The Howard Hospitality Group has submitted plans for its third major Cayman Islands project – a US$285 million five-star hotel and condo development on the southern tip of Seven Mile Beach.
Michael Wilkings, CEO of the group, said the development on the old Pageant Beach site would include around 250 hotel rooms and 100 two and three bedroom condominiums.
An architect’s video of the proposed development shows adjoining multi-story buildings overlooking the beach and pools. A boardwalk traverses the ironshore coastline of the 7.1 acre site.
Mr. Wilkings said the development would include seven food and beverage outlets, including an “internationally branded restaurant.” He said the hotel itself would be a five-star brand operated by the Howard Group under a licensing agreement.
The resort will also feature four pools, a cinema screening room, a rooftop spa and 35,000 square feet of conference space.
The plans are expected to be considered by the Central Planning Authority in the coming months. Mr. Wilkings said the developer was hoping to begin construction in the first quarter of next year, with opening tentatively scheduled for 2020.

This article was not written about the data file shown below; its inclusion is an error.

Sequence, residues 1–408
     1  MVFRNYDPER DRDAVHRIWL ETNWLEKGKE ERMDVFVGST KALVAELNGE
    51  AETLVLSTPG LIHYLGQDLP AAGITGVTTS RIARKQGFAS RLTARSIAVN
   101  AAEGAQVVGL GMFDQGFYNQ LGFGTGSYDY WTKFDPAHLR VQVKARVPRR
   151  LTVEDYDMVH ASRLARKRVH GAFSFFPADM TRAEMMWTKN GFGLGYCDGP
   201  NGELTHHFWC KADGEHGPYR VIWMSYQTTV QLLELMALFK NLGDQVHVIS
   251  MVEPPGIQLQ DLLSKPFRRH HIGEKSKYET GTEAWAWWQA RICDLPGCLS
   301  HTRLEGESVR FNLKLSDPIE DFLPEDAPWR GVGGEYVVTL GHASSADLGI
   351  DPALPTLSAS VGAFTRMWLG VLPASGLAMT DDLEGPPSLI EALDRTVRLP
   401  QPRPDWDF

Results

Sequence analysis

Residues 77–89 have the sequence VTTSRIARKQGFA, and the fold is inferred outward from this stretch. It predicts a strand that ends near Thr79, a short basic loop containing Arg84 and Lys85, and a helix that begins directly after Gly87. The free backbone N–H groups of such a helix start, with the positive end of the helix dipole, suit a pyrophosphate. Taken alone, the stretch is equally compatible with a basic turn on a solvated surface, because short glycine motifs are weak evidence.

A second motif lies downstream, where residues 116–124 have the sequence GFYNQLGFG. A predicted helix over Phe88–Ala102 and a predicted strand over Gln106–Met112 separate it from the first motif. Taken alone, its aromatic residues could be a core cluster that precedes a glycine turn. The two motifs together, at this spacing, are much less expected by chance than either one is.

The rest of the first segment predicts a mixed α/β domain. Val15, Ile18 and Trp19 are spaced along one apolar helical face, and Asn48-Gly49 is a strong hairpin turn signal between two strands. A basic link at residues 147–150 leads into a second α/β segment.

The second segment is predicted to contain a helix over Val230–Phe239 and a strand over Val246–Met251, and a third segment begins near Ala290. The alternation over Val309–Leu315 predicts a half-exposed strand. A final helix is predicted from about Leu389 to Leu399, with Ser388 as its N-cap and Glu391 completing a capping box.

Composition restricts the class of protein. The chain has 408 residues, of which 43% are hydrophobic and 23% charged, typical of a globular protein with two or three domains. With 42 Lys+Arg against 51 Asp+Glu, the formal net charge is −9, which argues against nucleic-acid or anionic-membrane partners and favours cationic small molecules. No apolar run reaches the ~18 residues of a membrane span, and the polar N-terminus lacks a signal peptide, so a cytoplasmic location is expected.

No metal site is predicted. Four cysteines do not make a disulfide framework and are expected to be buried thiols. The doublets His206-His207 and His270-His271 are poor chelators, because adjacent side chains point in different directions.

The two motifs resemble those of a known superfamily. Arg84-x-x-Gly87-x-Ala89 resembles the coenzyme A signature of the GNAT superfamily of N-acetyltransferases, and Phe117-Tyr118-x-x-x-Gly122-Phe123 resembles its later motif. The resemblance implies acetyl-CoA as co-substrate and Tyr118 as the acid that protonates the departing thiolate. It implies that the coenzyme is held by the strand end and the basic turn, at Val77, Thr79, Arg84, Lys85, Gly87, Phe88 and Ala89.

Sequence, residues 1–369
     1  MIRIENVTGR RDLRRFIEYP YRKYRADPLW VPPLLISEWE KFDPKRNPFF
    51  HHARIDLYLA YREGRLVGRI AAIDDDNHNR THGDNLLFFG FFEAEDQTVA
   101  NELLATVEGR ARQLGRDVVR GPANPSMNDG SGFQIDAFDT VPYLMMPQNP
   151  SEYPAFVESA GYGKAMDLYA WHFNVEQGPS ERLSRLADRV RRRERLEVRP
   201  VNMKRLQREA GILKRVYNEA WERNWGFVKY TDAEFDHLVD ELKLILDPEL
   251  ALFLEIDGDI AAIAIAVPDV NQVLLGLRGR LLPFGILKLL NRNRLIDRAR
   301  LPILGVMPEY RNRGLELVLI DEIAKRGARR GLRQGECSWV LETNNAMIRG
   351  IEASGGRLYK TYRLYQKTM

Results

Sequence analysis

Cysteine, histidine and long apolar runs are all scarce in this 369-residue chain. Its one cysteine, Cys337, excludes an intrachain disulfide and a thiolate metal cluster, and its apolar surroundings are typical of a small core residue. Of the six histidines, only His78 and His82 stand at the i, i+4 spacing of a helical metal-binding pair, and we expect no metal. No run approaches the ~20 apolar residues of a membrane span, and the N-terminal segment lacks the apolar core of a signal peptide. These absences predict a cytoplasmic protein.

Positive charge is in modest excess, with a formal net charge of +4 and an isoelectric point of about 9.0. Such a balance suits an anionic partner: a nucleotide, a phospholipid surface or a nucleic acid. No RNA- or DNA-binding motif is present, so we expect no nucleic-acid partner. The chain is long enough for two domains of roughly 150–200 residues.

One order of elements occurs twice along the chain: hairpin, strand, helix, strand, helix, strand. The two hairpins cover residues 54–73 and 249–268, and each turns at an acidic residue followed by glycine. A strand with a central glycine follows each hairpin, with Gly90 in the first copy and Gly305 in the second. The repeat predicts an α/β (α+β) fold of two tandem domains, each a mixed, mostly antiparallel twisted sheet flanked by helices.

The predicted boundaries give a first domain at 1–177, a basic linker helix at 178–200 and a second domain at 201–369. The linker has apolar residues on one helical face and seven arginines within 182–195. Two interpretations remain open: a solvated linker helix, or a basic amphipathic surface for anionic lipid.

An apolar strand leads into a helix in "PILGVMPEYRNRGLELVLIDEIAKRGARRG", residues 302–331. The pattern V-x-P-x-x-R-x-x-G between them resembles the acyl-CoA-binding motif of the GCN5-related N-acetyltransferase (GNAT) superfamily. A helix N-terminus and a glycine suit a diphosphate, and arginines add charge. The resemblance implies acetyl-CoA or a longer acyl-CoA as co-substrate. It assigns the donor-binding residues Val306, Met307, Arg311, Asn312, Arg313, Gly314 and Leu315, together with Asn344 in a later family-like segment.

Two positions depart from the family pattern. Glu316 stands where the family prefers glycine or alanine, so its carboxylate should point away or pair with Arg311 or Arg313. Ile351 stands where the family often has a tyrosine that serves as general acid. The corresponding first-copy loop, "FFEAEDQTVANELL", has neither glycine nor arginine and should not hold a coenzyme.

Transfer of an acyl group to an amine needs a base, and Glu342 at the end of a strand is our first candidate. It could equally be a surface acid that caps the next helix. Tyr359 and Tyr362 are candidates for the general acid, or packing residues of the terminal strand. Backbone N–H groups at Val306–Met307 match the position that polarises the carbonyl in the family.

The Howard Group took over Treasure Island in 2015, transforming it into the Margaritaville resort, and is also renovating a three-story property on West Bay Road as a new 42-room business hotel, Locale.
Mr. Wilkings said the company was investing heavily in Grand Cayman.
“We have huge confidence in the future growth of business and tourism in Grand Cayman. We think there is substantial potential for long-time growth not withstanding other new hotels coming into the market.”
He said the resort at Pageant Beach would have more conference and meeting room space than any other development on island, and would attract new business to the Cayman Islands.
“It means we will be able to attract larger group bookings and corporate events, which is something I know the Department of Tourism is excited about,” Mr. Wilkings said. “One of the limitations the island has had in attracting group bookings is the limited space.”
The National Conservation Council has already indicated that the development will not be required to go through an Environmental Impact Assessment.
Mr. Wilkings said architects had consulted the Department of Environment in the planning process and tailored the development to avoid any negative impacts.
“They worked closely with us to help us understand the shoreline and beach conditions and any touch points of concern on the sire so we were really able to understand what we needed to do from an environmental sustainability perspective.”